There is even more reason to be pessimistic about the optimistic view. Even if we put aside the case of convincing historical fiction and look at fictions more generally, psychologists have shown that we are much more promiscuous in our belief formation than we might think. I could fill a paragraph or two with caveats about the results: in particular, that the experiments usually involve ‘naïve readers’ (physics majors, rather the literature majors) hence we might be hesitant about whether the results generalise to sophisticated consumers of narrative. Nonetheless, the figures across the board are pretty impressive: people who believe they are consuming fictions (any fictions, not simply historical fictions) form all kinds of beliefs about the actual world as a result of doing so. Indeed, some of the results are frankly weird: Richard Gerrig and Deborah Prentice have found that people are more likely to form certain beliefs about the actual world if they believe they are reading fiction than if they believe they are reading non-fiction. So, in as much as the evidence is in, it is not even clear it would help if we could police the boundary between what is made up and what is not, we would form beliefs on the grounds of the made-up stuff anyway. If people form beliefs about the actual world on the grounds of engaging with fiction generally, it would be a reasonable surmise to think that the phenomenon will be even more prevalent when it comes to reading historical fiction in particular.

Plato was right; art is dangerous as it gives us false beliefs about the world.

Plato was right; art (or, in our case fiction, particularly historical fiction) is dangerous as it gives us false beliefs about the world. What should be done? The right answer cannot be to ban the likes of Wolf Hall and The Crown from society. The alternative might be for us to supplement our consumption of historical fiction with serious histories, where the authors have obeyed Boswell’s constraint, and attempt to weed out our false beliefs with a dose of the unvarnished facts. This seems a good idea to me; a world in which there was only historical fiction, and no history, would be a world in which the pool of beliefs about the past contained both truths and falsehoods with no way of our sorting them into two piles. In as much as it is important that we do know the unsullied truth about the past, this would be a less good world than the one we currently inhabit.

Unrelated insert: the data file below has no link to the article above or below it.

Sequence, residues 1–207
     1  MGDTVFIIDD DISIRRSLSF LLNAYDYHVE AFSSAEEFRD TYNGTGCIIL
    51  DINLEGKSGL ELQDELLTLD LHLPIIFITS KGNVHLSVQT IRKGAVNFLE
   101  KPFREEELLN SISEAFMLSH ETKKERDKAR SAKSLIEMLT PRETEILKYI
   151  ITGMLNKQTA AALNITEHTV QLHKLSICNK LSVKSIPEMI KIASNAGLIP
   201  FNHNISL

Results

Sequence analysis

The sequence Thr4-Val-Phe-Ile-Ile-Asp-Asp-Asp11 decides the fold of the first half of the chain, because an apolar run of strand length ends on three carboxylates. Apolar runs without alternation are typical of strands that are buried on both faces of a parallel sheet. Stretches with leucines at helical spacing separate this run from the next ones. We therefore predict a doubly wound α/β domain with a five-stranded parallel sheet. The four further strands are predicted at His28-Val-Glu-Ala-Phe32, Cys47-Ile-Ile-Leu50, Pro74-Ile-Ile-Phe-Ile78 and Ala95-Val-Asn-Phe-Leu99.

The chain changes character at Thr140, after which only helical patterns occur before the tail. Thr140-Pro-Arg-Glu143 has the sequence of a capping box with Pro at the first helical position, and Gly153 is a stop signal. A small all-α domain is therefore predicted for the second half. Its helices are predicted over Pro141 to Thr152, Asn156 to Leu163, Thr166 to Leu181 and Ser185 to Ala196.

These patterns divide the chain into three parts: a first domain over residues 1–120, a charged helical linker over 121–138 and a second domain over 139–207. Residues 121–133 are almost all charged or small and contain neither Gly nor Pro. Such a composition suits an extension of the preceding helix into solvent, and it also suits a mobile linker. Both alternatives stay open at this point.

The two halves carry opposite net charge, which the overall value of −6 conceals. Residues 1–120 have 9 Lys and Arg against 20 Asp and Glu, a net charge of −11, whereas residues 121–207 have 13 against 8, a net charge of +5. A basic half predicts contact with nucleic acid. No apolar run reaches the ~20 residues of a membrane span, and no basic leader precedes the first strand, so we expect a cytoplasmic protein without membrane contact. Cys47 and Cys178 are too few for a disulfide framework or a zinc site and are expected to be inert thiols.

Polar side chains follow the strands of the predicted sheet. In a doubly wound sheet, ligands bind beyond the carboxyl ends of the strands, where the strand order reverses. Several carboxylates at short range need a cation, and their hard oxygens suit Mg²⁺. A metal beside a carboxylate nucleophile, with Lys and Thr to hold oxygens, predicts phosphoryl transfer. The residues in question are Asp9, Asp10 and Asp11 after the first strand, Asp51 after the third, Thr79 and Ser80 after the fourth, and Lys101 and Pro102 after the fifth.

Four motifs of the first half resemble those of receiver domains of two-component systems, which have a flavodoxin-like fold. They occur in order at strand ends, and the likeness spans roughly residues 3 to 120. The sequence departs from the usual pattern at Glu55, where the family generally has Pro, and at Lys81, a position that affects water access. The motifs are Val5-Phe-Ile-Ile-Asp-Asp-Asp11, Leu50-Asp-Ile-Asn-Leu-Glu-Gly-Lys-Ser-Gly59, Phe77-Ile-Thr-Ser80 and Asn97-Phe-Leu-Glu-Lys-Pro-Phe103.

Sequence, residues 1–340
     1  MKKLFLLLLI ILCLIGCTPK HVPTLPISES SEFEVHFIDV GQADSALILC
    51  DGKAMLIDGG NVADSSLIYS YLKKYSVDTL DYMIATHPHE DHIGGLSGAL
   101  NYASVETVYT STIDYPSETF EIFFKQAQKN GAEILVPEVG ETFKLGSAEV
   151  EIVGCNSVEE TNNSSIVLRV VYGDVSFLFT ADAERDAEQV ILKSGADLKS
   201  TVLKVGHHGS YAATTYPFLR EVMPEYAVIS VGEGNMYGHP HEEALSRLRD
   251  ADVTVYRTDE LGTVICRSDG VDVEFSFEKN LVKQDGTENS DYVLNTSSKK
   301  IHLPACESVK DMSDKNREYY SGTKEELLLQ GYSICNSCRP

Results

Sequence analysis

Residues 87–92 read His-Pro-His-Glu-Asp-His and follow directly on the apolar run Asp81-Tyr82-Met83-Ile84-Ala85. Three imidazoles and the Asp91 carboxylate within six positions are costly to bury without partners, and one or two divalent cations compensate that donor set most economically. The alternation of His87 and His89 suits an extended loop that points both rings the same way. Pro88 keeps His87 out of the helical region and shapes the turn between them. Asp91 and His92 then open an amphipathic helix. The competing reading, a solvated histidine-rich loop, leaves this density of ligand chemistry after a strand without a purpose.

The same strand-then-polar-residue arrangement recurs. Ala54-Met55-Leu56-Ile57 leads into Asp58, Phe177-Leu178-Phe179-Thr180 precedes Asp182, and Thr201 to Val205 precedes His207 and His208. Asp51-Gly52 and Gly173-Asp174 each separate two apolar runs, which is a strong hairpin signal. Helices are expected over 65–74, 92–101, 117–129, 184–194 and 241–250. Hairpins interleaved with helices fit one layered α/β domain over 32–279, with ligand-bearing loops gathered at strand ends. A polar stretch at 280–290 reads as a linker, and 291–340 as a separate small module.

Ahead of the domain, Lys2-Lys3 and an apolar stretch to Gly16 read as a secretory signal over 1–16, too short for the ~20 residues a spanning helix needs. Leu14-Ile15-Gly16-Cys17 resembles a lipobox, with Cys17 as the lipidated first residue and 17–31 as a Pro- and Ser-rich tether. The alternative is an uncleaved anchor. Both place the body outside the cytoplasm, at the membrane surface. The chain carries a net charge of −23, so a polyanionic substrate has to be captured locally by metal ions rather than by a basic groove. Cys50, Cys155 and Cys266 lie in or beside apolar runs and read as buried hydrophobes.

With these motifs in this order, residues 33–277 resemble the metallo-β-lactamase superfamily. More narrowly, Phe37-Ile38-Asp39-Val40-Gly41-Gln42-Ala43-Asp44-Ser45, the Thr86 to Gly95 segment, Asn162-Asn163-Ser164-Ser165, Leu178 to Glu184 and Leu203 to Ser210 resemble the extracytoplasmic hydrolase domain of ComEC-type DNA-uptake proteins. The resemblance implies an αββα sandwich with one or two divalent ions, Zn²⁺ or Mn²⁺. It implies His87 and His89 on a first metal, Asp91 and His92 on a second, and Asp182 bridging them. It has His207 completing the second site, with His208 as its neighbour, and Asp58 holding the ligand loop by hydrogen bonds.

And yet, and yet. Perhaps even this is too optimistic. I have been writing as if a narrative that obeys Boswell’s constraint will give us transparent access to the past – be a reliable conveyer of true beliefs. In some ways this is right – and hence, history can be a useful corrective to historical fiction – but in some ways it is wrong. As Plato knew, a non-fiction can contain no false propositions and yet still manage to smuggle in some false beliefs. Authors take decisions as to what to include and what to leave out, whose motives to explore and understand, what events to make salient, how to describe character traits (is that bullying or leadership?) – and other things besides.

The moral of the story is that reality is one thing, and representations of reality are another.

There is nothing wrong with making such decisions; it would be impossible to produce a narrative (any narrative) unless such decisions were made. However, such decisions put a spin, a perspective, on the events related and, for very much the same reasons as a reader will come away with beliefs when reading fiction, a reader will come away with perspectives when reading non-fiction. The moral of the story is that reality is one thing, and representations of reality are another. Narrative representations cannot help but reflect the choices of their makers, so when you access reality via such a representation, what you are getting are those aspects of reality that the makers have decided to make salient to you.

What should we do in the face of this? We could bury our heads in the sand and stick to the belief that serious history does give us transparent access to reality. Alternatively, we could go to the other extreme and hold that all narratives are on a par: all distort reality and none is more reliable than any other. Neither of these options looks attractive. However, it is easy to steer clear of both: the fact that all representations are perspectival does not mean that they are all equally perspectival. Some representations (the non-fictions) are governed by Boswell’s constraint and are, for that reason, more reliable guides to reality than others (the historical fictions). To that extent the former can correct the latter. Other representations (maps of the coastline, instructions on how to work the oven) are barely perspectival at all. Nonetheless, with all representations, particularly narrative representations, a judicious caution is merited. Even the former are representations and representations are, to a greater or lesser extent, perspectival and perspectives belong to individuals, not to reality.